The Failure of Federal Incorporation Law: A Public Choice Perspective

Sung Hui Kim is Professor of Law at the University of California. This post is based on a recent paper by Professor Kim, forthcoming as a chapter in In Can Delaware be Dethroned? Evaluating Delaware’s Dominance of Corporate Law. This post is part of the Delaware law series; links to other posts in the series are available here. Related research from the Program on Corporate Governance includes Delaware Law as Lingua Franca: Evidence from VC-Backed Startups by Jesse Fried, Brian J. Broughman, and Darian M. Ibrahim (discussed on the Forum here); Federal Corporate Law: Lessons From History, by Lucian Bebchuk and Assaf Hamdani; and The Market for Corporate Law by Lucian Bebchuk, Oren Bar-Gill and Michal Barzuza.

Delaware’s domination of corporate law in the U.S. has long fascinated academics. While there is wide consensus that Delaware’s preeminence arose out of decades of state-to-state competitive pressures, there is sharp disagreement and debate about the nature of those competitive pressures, that is, whether the competition has been a salutary or nefarious one—a race to the top or to the bottom. Both sides of the debate believe that states compete to attract corporate franchise tax revenues, but they differ as to what the estimated $500 million annual prize incentivizes states to do. Race-to-the-top theorists argue that the prize motivates states to compete to make better, more efficient, corporate law in an effort to discourage shareholders from causing a reincorporation outside of Delaware. Race-to-the-bottom theorists argue that the prize motivates states to pander to managerial interests because managers are the constituents that control the initial incorporation decision.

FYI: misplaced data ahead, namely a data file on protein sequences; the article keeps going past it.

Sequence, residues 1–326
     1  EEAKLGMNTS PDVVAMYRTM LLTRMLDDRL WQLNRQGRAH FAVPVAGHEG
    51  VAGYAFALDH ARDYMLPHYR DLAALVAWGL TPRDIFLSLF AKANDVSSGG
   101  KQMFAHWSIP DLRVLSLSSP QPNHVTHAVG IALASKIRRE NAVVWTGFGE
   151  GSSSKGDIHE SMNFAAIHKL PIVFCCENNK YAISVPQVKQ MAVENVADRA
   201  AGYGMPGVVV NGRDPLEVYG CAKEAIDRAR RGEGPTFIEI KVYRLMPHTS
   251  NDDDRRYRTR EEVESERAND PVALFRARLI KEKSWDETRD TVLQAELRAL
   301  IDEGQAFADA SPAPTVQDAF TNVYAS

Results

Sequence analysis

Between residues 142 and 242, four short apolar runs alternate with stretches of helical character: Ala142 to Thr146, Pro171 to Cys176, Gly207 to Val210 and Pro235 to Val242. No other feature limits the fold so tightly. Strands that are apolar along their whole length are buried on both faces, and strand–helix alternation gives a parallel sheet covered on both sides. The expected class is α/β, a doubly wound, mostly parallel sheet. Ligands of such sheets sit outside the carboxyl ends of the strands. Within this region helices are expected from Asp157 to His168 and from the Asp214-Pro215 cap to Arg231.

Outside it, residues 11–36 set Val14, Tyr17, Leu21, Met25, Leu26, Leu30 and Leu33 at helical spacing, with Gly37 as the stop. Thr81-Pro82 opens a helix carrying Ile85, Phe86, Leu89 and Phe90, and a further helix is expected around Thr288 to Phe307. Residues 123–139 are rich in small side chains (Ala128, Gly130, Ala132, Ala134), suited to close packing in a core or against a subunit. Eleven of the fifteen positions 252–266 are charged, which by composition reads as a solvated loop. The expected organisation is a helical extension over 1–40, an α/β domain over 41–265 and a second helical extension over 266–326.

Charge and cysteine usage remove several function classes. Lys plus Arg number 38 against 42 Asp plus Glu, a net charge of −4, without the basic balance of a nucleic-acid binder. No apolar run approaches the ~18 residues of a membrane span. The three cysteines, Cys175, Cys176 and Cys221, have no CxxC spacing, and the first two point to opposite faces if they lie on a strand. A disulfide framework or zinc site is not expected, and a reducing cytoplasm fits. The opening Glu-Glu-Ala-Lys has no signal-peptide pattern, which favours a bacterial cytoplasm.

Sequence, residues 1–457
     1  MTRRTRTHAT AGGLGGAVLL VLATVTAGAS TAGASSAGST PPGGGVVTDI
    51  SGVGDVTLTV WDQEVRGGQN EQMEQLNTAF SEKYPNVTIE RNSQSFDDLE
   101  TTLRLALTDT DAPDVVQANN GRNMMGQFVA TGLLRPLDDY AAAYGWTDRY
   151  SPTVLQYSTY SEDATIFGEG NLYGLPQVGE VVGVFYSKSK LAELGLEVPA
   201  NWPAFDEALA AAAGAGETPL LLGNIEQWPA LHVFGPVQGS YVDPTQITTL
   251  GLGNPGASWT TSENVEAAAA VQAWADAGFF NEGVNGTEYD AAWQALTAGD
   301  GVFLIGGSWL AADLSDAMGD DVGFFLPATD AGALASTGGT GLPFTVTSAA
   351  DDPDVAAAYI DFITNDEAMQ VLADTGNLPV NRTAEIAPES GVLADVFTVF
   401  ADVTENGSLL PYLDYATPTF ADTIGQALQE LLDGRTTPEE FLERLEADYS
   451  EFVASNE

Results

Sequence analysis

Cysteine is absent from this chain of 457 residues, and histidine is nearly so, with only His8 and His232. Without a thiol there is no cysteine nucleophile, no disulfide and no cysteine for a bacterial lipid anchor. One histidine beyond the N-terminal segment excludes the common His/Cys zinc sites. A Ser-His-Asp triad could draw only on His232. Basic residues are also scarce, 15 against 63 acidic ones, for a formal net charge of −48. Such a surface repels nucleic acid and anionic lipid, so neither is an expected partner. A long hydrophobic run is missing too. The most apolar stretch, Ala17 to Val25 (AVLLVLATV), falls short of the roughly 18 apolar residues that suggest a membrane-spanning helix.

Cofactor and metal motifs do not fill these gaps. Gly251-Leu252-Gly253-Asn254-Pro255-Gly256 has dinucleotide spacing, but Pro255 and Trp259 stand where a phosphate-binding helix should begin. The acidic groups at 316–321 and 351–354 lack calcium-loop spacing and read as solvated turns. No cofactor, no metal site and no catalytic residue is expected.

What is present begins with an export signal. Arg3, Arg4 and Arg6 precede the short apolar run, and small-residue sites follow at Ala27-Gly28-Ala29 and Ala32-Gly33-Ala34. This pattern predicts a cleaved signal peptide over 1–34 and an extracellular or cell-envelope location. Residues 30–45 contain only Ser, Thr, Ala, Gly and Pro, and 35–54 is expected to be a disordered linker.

The debate took an interesting turn in 2003 when Mark Roe in Delaware’s Competition, 117 Harv. L. Rev. 588, 591–92 (2003), argued that the ongoing debate was badly misconceived. He observed, “Whether or not the states are racing, and whether they are racing to the top or to the bottom, we live in a federal system where Washington can, and often does, take over economic issues of national importance.” Given Washington’s tendency to take corporate lawmaking power away from the states, Roe explained, “we have never had, and we never could have had, a full state-to-state race in corporate law.” After applying a “public choice, institutional analysis” to the Washington-Delaware relationship, Roe concluded that this federal-state “structure privileges state-level deals between managers and investors in Delaware” while excluding outside interest groups, such as unions, public interest groups, and financial institutions, thus keeping broad political concerns out of its corporate law. However, when a key issue attracts federal attention—by, for example, gaining media salience or being linked to anxiety about the economy, wide coalitions of outside interest groups emerge to affect the making of corporate law at the federal level. In sum, Delaware holds the agenda-setting power but is constrained by the threat that Congress, federal courts, the Securities and Exchange Commission, or the New York Stock Exchange will intervene to preempt Delaware on a particular issue. As Roe put it,

“Delaware gets to say the words, but only as long as the federal authorities tolerate its script.” These dynamics, in turn, motivate Delaware to forge a moderate, status-quo oriented path between managers and investors, entrenching a quasi-contractual paradigm, which Roe referred to as the “conservative, boardroom-centered nature of American corporate law.”